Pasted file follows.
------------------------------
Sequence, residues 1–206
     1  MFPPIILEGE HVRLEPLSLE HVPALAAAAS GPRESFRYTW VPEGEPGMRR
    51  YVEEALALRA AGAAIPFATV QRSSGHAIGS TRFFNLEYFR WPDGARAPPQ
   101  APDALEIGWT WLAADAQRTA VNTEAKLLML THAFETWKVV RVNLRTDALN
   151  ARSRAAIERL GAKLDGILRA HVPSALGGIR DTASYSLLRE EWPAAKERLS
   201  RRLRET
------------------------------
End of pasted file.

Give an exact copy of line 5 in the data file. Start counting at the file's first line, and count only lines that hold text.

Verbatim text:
   151  ARSRAAIERL GAKLDGILRA HVPSALGGIR DTASYSLLRE EWPAAKERLS